4 Questions: Samuel Levi Jones
There’s something to be said (and held closely) about quietude in a time when shock and volume are firmly aligned with power and value. It’s something more to explore that power and value, in all its systems and intricacies, through a lens of stillness. But Samuel Levi Jones does it and does it well, in a most thoughtful manner, through his brilliant works on canvas that incorporate the covers of encyclopedias and law case text books.
It is this engagement to material, raw and aggressive, that put him in the running for the Studio Museum’s lusted-after Joyce Prize of which he took home along with a cool $50,000 and that brought on solo shows at the Studio Museum in Harlem (opening today) and Indiana’s Museum of Contemporary Art (opening this fall). He’s also in this year’s Mistake Room biennial exhibition. So we caught up with the artist, represented by Papillion, Los Angeles, to discuss his first exhibition in New York, his interest in material, and what that quietude is all for.
This is your first exhibition in New York. Can you tell me about Unbound, how it came to fruition, the work that will be on view, and how it speaks to your practice as a whole?
I’m extremely excited about my first show in New York being at the Studio Museum Harlem. In late 2014, Naima Keith (Associate Curator, Studio Museum Harlem) and I started having a conversation about exhibiting at the Studio Museum. Unbound is a continuation of the work that I have been constructing from encyclopedias, which is about the exploration of systems of knowledge and power. For this exhibit I chose to use law books, as I felt that it was pertinent to current events. This work is site specific, and the three works are much larger than any of my previous works.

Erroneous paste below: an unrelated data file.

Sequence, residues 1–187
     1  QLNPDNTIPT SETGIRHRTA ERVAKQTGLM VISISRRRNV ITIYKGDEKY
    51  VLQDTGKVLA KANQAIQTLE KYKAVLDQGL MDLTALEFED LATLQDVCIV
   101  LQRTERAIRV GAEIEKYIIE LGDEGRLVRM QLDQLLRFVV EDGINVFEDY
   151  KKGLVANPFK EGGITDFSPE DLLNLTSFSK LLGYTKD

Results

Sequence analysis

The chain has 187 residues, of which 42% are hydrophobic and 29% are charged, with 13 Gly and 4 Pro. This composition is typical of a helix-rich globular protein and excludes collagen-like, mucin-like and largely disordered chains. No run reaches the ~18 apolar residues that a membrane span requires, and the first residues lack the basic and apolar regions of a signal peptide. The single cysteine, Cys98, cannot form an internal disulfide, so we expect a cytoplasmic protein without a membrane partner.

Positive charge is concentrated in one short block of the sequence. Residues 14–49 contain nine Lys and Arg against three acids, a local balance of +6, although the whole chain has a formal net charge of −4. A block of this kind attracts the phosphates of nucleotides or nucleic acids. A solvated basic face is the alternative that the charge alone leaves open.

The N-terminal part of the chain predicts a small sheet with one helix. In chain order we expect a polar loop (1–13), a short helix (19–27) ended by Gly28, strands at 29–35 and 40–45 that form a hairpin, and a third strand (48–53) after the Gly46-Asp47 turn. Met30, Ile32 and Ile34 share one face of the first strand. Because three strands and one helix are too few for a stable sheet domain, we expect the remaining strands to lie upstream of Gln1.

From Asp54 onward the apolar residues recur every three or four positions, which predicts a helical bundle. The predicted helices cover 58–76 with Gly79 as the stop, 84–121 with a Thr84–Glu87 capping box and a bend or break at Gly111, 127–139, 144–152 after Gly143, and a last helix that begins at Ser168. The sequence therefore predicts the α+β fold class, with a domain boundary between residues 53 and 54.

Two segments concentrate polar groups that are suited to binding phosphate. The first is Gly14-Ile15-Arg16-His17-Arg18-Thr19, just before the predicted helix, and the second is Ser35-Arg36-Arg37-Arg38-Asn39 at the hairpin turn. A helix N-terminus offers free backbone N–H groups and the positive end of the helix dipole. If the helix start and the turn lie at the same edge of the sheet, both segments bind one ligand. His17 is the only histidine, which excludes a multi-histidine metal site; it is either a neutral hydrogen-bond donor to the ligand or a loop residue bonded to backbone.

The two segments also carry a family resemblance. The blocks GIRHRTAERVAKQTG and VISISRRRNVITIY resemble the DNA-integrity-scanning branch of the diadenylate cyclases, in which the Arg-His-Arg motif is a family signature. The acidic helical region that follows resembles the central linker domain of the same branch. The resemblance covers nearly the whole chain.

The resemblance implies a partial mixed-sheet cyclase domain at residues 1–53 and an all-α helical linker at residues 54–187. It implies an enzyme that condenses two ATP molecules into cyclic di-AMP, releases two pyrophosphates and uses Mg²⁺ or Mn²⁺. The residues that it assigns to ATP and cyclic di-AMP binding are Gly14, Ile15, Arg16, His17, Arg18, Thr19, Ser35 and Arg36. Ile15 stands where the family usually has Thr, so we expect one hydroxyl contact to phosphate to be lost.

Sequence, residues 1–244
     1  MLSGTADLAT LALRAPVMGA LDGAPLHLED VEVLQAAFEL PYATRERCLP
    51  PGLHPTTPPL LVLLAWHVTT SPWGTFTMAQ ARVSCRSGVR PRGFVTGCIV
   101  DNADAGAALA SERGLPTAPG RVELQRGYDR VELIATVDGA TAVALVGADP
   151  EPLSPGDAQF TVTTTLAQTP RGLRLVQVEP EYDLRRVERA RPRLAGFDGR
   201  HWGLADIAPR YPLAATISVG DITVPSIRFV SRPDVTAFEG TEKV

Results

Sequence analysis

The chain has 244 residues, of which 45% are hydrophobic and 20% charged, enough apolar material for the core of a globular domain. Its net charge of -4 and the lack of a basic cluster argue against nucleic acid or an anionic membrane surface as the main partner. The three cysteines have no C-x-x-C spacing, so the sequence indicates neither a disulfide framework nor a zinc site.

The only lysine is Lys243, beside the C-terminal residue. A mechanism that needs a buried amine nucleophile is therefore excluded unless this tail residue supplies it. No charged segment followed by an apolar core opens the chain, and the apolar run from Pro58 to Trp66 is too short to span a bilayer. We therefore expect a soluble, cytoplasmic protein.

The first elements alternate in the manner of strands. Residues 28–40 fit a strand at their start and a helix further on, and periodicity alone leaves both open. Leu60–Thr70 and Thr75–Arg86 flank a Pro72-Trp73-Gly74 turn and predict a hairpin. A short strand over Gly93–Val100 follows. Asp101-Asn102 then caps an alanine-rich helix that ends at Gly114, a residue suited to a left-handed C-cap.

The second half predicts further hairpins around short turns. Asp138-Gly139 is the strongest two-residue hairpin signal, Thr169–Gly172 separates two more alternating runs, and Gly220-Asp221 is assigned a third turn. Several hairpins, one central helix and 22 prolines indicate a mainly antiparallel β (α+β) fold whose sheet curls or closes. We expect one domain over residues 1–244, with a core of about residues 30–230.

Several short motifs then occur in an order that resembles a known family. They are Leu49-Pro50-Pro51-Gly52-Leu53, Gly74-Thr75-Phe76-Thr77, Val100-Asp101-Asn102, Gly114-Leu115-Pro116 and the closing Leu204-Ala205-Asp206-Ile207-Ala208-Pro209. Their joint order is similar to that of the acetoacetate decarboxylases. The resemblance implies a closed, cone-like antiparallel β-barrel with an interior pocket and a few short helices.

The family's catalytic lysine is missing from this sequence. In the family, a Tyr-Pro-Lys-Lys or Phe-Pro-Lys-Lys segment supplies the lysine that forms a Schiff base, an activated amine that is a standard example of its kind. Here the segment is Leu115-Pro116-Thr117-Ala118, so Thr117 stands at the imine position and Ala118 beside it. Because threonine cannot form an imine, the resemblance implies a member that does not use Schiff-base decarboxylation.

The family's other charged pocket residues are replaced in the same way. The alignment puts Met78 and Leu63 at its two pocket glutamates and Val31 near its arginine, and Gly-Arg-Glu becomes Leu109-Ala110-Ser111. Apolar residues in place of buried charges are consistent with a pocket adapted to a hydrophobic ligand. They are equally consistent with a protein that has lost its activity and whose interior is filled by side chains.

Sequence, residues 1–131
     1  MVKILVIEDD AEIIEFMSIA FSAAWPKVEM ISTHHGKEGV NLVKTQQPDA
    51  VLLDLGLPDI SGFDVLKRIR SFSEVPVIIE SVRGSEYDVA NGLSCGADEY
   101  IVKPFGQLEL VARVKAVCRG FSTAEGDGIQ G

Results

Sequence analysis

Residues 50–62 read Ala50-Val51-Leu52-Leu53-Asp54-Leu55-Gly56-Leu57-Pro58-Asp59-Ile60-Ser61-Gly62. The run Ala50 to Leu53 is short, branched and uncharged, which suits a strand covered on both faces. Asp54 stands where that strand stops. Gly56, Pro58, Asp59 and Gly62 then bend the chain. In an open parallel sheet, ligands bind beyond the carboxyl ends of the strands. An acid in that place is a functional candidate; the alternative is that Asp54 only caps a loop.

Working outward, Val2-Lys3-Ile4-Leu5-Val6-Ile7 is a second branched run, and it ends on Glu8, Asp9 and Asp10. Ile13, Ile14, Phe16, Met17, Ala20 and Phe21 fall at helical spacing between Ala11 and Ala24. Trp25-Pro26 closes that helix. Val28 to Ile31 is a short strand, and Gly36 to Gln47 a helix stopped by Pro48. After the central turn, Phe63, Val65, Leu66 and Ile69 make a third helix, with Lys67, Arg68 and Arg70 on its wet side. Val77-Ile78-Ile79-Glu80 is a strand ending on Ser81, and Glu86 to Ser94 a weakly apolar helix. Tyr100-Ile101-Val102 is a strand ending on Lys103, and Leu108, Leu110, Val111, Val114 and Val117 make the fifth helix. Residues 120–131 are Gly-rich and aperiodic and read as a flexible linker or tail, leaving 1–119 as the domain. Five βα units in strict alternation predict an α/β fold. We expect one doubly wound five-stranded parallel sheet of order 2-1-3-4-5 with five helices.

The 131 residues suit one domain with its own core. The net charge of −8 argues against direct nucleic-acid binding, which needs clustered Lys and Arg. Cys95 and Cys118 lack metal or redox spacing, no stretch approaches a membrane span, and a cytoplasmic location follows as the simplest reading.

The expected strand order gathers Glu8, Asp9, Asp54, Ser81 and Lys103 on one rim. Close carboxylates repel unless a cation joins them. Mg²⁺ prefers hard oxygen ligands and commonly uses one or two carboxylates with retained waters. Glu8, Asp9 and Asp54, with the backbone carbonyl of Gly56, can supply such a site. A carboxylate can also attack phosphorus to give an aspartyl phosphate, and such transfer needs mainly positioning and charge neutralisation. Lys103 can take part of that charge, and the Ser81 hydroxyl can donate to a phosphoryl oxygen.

Your critical exploration of systems of power and knowledge is the main focus of the exhibition. Can you explain its relationship to materiality and form? Is there a direct relationship to the body?
The relationship of the material to systems of power is very direct. I viewed the source material as the system of power. Encyclopedias in particular, contain a vast amount of information, but it is selective, and much equally important content is omitted. When working with the material I think about how the information was compiled and the methodology. I am ultimately thinking about information that is selectively left out. Much of the material I work with are the covers of the books. I refer to them as skins, and they define, and contain, the body of my work.
I find the evisceration of text in your work interesting given that you employ books as a symbol of knowledge. Can you talk a bit about this deconstruction and quieting of content?
The removal of the text pertains to numerous ideas that are competing for my attention. One thing that I think about are narratives which are not consistent with their contexts and do not fit. Deconstructing the material is a cathartic act as I physically handle these inconsistencies.
You stay within a limited color palette. Is this intentional? What is the significance of color within your practice?
The color is based upon what the material naturally gives me to work with. It is not intentional unless I choose to do some mixing of the source materials. Most of the time, the color palette is based upon the particular set of books with which I am working. Early in my work, I would typically construct a single piece from one set of books. More recently, I have been experimenting more with mixed materials to keep the aesthetic fresh. The color is not as important as the texture and other qualities of the material. I enjoy the challenge of working with a constantly changing source of materials.
Unbound is on view at the Studio Museum Harlem, New York through June 28, 2015. The TMR Benefit Exhibition is on view in Los Angeles through May 9, 2015.